Read the Descriptions!
The new seed catalogs, with those mouthwatering photos, are appearing in our mailboxes lighting up the dreary winter days. Once you have pulled your eyes away from the pretty pictures, READ the variety descriptions.
The trick is to separate the good from the not so good, and find what may actually grow in your garden in this climate. I have made many mistakes because I didn’t read the descriptive details due to my brain being clouded by plant lust.
Buy Locally Grown Seeds if Possible
First, consider where the catalog, or seed vendor is located: Oregon, Maine and northern climes are usually good. Florida, the mid-west and warm summer states should be viewed with a bit of skepticism regarding the stated days to maturity and adaptation to our growing conditions. The exception to this is tomato seed catalogs which are located everywhere, so take the days to maturity with a grain of salt and add 20.
Look for Disease Resistance
There are key words in vegetable seed descriptions that can help you decide if a variety is what you need. In our climate many vegetables, and many annual flowers, are subject to fungal diseases; a really good seed vendor will tell you which varieties have ‘resistance’ or ‘tolerance’ to particular diseases. Tolerance of shade, drought and heavy or wet soil might be important issues to you, especially with ornamental plants.
Size Might Matter
Note the size of the mature plant and its edible part, how adaptable it is, the seasonality and the days to maturity. Important examples of these issues include onions and tomatoes. Some just won’t grow well here!
Check Time to Maturity
Not all onions are created (or hybridized) equal; some small green scallions will never develop a bulb, while bulbing types may get to a pound or more. Onions come in different types: ‘Short day’ onions will only mature south of latitude 35. Between the 35th and 55th latitude (that’s us) we need ‘long day’ or ‘day-neutral’ varieties. It’s also very important to know the ‘days to maturity’; a 90 day bulb onion should easily mature here but 110 days is a bit long. Some varieties such as Walla Wallas may prefer being wintered over to reach their full size potential.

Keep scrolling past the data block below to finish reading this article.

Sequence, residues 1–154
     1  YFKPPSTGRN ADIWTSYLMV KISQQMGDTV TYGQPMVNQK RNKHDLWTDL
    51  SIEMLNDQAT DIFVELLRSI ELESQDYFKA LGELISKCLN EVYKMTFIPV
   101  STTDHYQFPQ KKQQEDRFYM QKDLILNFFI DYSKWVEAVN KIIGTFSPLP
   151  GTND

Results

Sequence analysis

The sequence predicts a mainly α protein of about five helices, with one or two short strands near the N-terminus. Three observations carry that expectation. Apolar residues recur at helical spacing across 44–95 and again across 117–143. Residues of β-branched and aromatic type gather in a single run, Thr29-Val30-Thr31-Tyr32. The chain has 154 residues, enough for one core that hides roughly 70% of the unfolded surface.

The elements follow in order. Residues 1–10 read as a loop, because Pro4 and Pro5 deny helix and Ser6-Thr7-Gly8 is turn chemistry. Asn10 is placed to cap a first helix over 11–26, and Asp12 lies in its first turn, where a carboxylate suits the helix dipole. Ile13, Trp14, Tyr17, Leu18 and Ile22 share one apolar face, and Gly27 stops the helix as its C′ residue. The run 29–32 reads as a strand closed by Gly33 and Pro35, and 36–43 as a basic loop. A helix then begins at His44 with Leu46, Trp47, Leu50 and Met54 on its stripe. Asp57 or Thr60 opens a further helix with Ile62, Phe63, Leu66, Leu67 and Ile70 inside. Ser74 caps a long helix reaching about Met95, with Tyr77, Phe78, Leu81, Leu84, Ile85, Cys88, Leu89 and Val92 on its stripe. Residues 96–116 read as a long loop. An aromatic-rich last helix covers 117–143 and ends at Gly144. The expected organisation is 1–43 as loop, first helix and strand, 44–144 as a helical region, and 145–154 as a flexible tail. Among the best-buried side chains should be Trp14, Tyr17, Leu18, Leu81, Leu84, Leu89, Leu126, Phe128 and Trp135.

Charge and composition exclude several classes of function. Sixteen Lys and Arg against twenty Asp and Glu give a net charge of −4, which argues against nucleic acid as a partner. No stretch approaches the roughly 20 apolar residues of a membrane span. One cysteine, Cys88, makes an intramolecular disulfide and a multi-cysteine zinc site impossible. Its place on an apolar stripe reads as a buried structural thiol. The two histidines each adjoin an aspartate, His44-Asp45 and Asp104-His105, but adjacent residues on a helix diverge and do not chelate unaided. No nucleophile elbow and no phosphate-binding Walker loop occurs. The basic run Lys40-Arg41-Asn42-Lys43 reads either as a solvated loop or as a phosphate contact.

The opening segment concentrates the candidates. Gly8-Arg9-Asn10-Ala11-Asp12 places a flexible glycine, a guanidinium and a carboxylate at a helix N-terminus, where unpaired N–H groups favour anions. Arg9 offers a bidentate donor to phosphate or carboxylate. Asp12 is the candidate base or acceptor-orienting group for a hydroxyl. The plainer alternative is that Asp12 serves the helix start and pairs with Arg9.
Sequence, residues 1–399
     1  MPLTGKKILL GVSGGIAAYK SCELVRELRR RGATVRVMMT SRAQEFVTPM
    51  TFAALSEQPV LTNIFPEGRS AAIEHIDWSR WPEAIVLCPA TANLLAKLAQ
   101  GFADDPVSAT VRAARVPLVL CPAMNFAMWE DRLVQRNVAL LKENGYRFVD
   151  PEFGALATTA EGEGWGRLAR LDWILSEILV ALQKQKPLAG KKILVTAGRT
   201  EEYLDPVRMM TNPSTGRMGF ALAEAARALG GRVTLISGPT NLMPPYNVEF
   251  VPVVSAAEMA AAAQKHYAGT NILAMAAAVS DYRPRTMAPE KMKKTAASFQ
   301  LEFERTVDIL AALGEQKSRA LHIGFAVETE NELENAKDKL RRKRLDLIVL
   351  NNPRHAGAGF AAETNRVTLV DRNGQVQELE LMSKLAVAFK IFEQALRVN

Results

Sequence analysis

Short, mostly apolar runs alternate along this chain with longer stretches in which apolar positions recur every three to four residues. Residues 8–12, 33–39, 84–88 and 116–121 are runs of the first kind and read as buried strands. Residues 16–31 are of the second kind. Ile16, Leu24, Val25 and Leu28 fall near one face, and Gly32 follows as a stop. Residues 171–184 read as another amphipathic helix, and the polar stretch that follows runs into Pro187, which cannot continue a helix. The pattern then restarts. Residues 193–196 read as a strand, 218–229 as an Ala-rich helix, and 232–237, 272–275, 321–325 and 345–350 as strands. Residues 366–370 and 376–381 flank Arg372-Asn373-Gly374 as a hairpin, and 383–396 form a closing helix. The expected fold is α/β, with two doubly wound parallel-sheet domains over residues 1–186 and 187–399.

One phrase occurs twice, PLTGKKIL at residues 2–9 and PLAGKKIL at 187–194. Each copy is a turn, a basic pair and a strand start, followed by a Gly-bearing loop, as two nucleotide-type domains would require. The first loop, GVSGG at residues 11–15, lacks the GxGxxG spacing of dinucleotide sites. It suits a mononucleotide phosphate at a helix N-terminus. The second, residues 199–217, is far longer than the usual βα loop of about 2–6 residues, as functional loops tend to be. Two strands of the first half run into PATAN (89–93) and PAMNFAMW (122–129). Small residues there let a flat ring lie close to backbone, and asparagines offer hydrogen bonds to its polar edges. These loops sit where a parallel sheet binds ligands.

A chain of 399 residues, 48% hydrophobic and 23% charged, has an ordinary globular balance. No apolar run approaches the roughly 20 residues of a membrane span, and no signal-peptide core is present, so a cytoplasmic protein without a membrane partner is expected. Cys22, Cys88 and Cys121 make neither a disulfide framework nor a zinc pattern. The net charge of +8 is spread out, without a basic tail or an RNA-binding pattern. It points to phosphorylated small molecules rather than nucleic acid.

Are you confused yet?
Tomatoes are a prime example of the NEED to know many details.
Consider where you will be growing: inland or close to the ocean, in a cloche or a greenhouse, or in a pot on a protected deck?
How big will the plant get?
Key words here are ‘Indeterminate’ (IND, tall vine), ‘determinate (DET, short vine), ‘vigorous’ (big,tall), ‘dwarf’ (very small), ‘semi-determinate’ or ‘compact indeterminate’ will be somewhere in between. If you are growing in a confined space, a vigorous IND tomato can get 10’ tall and will grow right out of a low cover, or not grow well in a pot.
Decide what fruit type you want; a large slicer or a tiny cherry, a 1oz. ‘grape’, a 2oz. ‘cocktail’, a slightly larger ‘saladette’, or a ‘paste’ or ‘plum’ for cooking.
It's important to know the number of ‘days to maturity’ from transplant, 75 or less is best in our area. Plan on adding a minimum of fifteen to twenty days to compensate for our climate depending on your growing conditions.
Don’t be seduced by a beautiful photo, a 90 day tomato is unlikely to ripen in this climate so don’t waste space. Smaller fruited types, such as cherry or grape, usually will ripen earlier than large slicers, but there are a few exceptions.
Some varieties are touted as being ‘cold tolerant’, or ‘will set fruit’ on cold nights. The flavor and texture of a tomato should be of importance to you, and again you need to be a code breaker. ‘Mild flavor’ is a nice way of saying bland; ‘soft’ may be mushy; ‘firm’ can mean rock hard, and ‘crack resistant’ is good, especially in small fruits. ‘Sweetness’ is totally subjective; it depends largely on how much sun and heat a tomato gets! If a tomato is grown in a cool location with less than eight hours of sunlight it simply is not going to be sweet. Look for varieties with a little acid to balance the sweetness; the flavor will be better.
Other vegetables such as lettuce, radishes and some brassicas may be ‘adapted’ to a particular season. Some are ‘cold hardy’, ‘heat tolerant’, and ‘bolt’ or ‘disease’ resistant; others are bred to grow best in spring, summer or fall. For instance, if you are looking at lettuce, ‘resistance’ to tip burn, mildew and bolting are very good. If the description says ‘spring or fall’, it means that it won’t do well in the summer. Radish varieties that are adapted for fall planting may bolt (not make a bul if sown in spring. Many vegetables including broccoli and cabbage come in varieties suitable for spring, summer or over-winter production. If you have a covered space you can have broccoli year round.
Whatever vegetable you choose to grow from seed, READ the description carefully before you buy. Certain words should tip you off to particular characteristics. Your success in gardening may depend on reading between the lines and making sense out of descriptions.